From the Office of the Future of Reading

Please join me in welcoming today’s guest blogger, John Scovill. John is a staff developer in St. George, Utah. He has taught 1st, 3rd, 5th, and 7th grades. He loves books and sharing ideas on how to engage readers and connect readers to books. John also loves to write and hopes to be an author someday. He is married to a teacher and has two small children.

I taught fifth grade two years ago. My goal before school started was to connect my students with authors and to bring authors into my classroom though Skype. I wanted to make my classroom more open and connected.

Through Twitter, I was introduced to the book Bigger Than a Breadbox by Laurel Snyder. I loved the student-made trailer. I had my students view the trailer and told them that this book was going to be our next read aloud. They were excited because the trailer hooked them, a book about children, divorce, and magic! 

The next day two students came up to me and said, “Mr. Scovill, my mom and dad and I went to the bookstore and we bought the book!” The excitement I had was contagious, I guess.

That night, I tweeted Laurel Snyder and told her that two of my students bought her book. A kid buying a hardcover book is a huge investment! She later tweeted me back saying that she wanted to write to these two students. I tweeted her my school address and a week later a letter came in the mail. I gave the letters to the students. It totally made their day. After they read the letter, they placed the letter neatly on their desks next to the stack of books they were reading.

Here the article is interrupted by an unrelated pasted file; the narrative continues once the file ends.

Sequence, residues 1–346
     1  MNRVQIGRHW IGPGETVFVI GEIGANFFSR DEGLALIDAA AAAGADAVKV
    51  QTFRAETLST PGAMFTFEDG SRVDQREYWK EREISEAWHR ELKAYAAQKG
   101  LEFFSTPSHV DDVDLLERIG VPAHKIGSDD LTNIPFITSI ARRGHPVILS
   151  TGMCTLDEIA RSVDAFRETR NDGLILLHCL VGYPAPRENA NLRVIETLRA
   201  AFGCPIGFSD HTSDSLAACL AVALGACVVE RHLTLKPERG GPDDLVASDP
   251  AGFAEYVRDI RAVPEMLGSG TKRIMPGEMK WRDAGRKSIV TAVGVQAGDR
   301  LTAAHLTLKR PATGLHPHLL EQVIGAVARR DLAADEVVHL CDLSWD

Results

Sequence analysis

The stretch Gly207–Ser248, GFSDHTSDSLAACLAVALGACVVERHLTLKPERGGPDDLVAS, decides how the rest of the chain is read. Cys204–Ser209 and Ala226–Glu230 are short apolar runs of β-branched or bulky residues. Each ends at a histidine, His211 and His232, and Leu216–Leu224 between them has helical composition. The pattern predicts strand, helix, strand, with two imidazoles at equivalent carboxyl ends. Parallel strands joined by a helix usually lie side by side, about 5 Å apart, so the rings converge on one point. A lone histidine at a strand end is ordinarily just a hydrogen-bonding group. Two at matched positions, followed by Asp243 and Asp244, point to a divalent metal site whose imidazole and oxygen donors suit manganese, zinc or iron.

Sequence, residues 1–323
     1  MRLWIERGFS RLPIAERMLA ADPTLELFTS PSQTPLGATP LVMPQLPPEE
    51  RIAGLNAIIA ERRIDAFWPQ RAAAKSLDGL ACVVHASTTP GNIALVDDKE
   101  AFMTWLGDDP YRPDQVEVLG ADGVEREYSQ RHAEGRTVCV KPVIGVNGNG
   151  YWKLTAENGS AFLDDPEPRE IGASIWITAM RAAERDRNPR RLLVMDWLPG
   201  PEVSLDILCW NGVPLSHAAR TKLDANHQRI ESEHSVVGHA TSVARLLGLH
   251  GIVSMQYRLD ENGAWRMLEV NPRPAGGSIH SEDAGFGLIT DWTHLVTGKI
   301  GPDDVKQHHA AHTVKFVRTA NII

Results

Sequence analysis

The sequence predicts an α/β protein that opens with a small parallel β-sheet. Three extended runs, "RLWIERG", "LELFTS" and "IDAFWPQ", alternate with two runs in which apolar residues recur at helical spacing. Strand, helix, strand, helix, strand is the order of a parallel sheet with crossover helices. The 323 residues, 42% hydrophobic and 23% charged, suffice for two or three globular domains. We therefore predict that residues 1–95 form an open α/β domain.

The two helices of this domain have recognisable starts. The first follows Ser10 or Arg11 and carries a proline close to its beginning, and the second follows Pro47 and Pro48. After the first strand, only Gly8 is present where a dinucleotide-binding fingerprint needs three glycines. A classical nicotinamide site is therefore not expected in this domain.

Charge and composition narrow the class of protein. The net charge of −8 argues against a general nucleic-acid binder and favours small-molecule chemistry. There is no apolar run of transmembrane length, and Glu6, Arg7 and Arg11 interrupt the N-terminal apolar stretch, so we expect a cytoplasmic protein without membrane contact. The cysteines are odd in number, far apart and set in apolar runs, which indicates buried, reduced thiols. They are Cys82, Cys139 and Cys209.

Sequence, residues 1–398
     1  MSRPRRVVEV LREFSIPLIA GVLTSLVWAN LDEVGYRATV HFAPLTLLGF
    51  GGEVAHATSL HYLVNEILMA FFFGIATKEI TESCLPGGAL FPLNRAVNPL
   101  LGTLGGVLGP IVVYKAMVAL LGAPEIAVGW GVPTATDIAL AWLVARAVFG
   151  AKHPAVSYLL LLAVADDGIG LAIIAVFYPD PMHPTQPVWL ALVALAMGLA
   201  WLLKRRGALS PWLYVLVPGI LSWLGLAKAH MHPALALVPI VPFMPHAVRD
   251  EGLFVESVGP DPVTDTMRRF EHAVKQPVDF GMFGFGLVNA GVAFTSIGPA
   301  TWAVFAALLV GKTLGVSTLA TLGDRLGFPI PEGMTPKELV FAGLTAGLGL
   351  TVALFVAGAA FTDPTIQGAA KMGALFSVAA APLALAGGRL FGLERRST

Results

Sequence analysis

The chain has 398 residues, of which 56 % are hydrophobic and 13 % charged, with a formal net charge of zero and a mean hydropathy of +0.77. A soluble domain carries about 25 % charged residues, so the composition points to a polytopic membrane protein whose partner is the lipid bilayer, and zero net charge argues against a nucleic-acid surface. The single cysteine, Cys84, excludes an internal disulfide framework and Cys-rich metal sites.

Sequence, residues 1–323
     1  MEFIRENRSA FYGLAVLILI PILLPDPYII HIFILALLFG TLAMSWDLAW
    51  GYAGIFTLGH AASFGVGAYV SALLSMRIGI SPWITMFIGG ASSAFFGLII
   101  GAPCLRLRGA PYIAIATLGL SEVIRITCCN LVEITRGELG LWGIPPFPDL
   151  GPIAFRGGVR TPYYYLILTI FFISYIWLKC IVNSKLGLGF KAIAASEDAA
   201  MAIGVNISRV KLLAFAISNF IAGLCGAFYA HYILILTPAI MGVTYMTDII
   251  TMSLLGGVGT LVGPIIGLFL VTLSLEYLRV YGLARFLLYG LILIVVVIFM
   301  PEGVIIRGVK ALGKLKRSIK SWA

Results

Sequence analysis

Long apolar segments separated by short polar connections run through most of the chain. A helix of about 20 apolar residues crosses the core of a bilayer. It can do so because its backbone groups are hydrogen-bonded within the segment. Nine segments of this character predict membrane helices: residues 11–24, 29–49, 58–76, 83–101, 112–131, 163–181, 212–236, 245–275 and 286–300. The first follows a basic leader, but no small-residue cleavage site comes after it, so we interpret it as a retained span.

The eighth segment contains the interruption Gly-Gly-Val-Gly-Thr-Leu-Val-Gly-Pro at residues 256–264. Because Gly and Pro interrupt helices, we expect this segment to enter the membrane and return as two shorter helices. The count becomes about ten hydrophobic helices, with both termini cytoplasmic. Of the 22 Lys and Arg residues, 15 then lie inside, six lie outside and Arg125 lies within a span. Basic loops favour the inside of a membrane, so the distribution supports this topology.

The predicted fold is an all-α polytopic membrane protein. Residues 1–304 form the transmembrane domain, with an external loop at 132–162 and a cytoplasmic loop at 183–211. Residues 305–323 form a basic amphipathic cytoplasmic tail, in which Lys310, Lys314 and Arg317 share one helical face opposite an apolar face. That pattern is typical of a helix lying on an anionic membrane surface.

Later that day, the two came up to me and said that they wanted to write back to the author. I said that that would be a great idea. They got paper and started to write. After they were done, they handed them to me to mail.

After school, I opened one of the letters and read it. My student wrote to the author saying that she really connected to the book and the main character because her parents were going through a divorce. I didn’t know this was happening.

This student felt open to tell Laurel what was happening in her family and how the book, Bigger Than a Breadbox, affected her and helped her. This connection, this heartfelt connection between a fifth grade girl and a book helped me to understand why I do what I do…to spread the words that Penny Kittle coined “BOOK LOVE”.

Thank you John for sharing this story. What a wonderful illustration of the powerful connections all readers can make with books.

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